Kevo makes a good point... I wonder how many proud 100hz TV owners out there haven't ever actually turned that function to the 'on' position...
 
X

Xeonic

Guest
I think that with forums and the like the phrase "knowledge is power" comes to mind. In the good ole days, if you had any of the (serious IMHO) problems jon mentions with a TV, especially if intermittent, you'd take it back to the shop/an engineer would come out and the fault would be most likely be described as "insignificant" or "paranoia".

Now, we know that if 100 people have the same issue, however minor, you know it's not being picky - it's a fault. Basically duff equipment gets shown up in no time, 'cause many people will report the same fault. Manufacturers know this now, and those with sloppy quality control will lose out big time.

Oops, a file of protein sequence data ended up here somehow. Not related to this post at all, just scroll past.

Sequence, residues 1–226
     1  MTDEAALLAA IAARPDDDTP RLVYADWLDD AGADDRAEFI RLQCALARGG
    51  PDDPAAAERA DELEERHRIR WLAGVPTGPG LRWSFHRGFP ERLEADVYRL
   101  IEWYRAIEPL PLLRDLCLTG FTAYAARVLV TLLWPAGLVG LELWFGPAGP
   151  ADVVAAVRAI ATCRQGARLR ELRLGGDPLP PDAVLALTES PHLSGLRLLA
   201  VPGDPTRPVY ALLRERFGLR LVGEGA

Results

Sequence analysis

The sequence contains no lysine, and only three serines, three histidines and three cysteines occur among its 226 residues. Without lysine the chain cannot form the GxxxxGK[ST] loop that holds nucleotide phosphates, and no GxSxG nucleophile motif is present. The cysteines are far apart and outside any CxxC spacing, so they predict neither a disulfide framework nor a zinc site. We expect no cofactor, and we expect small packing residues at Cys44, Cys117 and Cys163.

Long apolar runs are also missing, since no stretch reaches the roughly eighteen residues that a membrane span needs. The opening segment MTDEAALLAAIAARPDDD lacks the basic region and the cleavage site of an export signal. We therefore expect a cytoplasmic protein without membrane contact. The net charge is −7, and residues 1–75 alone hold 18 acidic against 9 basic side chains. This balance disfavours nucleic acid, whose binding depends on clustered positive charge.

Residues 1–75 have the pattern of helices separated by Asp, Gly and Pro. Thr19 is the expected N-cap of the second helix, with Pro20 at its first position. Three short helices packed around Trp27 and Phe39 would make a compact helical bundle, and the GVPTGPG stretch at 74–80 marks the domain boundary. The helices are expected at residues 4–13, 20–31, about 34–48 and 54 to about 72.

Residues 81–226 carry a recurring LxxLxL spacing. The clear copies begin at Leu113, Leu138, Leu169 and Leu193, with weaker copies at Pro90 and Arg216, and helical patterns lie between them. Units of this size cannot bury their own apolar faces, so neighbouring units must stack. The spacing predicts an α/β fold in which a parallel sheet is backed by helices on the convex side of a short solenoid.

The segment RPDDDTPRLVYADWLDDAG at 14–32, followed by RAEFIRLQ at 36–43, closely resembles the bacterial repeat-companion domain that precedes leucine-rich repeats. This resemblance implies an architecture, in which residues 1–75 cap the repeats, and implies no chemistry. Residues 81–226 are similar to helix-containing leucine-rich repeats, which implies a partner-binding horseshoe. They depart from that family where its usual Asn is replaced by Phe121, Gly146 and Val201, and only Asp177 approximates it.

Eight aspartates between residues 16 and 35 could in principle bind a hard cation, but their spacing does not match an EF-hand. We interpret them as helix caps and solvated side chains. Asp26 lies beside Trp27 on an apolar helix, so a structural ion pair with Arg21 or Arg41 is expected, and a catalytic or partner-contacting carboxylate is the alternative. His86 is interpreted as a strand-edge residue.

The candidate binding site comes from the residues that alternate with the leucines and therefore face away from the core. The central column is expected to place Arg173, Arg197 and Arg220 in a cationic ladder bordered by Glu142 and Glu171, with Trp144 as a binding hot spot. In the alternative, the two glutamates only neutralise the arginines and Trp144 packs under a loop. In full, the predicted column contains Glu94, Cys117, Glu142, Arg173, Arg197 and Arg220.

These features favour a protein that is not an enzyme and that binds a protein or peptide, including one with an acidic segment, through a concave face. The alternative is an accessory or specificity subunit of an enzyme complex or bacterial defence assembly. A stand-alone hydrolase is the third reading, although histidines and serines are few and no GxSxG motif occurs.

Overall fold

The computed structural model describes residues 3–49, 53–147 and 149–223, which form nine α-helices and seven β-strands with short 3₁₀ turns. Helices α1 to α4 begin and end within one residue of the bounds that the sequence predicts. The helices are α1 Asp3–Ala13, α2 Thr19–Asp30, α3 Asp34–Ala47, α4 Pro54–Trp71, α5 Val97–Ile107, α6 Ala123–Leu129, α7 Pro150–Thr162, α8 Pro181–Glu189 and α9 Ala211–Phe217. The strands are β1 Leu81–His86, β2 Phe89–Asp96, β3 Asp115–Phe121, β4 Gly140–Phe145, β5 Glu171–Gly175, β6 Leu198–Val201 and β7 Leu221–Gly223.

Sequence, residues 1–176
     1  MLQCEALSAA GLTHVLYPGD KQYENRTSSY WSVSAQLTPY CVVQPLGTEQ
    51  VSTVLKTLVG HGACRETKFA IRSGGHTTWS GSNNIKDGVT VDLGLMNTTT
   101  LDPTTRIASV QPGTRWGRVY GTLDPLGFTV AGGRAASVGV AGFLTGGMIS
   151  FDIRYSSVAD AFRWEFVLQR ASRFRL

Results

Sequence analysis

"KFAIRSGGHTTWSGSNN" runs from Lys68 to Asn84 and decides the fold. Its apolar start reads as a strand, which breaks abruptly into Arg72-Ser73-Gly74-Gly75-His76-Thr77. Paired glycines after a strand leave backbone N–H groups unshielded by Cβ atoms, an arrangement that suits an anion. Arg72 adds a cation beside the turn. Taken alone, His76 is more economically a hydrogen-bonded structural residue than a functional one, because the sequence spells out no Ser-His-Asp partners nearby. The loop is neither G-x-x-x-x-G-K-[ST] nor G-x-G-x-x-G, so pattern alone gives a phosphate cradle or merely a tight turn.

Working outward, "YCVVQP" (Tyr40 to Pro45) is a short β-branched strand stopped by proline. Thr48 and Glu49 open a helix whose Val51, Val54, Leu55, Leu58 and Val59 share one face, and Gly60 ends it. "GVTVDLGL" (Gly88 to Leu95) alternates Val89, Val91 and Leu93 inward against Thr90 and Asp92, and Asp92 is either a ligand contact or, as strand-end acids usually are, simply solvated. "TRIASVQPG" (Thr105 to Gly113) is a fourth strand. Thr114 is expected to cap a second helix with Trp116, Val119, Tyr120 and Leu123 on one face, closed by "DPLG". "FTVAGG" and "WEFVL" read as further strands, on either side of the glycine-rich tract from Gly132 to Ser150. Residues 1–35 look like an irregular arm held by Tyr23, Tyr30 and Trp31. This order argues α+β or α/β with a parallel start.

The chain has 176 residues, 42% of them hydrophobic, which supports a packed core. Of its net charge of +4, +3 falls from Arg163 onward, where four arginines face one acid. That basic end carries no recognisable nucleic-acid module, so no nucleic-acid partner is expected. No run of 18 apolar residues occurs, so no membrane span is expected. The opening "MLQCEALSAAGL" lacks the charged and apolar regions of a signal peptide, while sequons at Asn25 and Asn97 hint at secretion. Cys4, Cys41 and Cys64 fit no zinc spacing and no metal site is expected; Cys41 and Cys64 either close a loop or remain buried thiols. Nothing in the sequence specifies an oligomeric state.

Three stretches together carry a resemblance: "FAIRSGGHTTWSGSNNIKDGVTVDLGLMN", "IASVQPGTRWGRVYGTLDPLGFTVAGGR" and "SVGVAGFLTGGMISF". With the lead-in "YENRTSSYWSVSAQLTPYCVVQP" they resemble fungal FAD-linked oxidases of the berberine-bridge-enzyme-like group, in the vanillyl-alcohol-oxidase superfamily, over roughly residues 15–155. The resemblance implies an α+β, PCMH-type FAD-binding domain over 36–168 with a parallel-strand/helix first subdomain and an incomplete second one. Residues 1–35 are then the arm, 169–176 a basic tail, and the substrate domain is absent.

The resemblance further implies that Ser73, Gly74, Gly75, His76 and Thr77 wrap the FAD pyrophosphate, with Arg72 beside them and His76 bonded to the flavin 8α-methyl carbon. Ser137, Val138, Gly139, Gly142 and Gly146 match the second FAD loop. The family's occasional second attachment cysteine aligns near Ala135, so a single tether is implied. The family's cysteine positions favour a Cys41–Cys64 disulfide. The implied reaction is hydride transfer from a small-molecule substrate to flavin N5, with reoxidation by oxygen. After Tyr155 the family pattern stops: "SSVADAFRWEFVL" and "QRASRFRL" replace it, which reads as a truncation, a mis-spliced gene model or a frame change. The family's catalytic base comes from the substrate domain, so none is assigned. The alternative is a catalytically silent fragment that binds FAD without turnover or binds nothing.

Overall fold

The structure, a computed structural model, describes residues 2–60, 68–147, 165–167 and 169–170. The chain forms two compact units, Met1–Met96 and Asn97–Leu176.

Cost of product is not relevant - if I bought £200 TV, £2000 TV or £5000 TV, I'd expect them all to a least produce a stable picture, regardless of the "manufacturing cost".
 

Jon Weaver

Distinguished Member
For the record.. I am not unhappy with my TV.. it has a number of faults.. Then again, they all have.

I know I said 'I expected perfection' above, but thats not true.. I don't expect perfection, but I do expect to be able to watch the TV as a it was intended. (i.e Square and stable picture, correct colours, linear ratio etc)

Some of the problem that people see are indeed picky, but some peoples TVs do have genuinly awful problem.

For example.. My Sony had a triangular green patch at the top left of the screen about 4 inches wide.. Should I be expected to accept that..

My last Sony had a green line right down the screen (Which is why I finally got a refund)? Where should you draw the line between whats acceptable and not.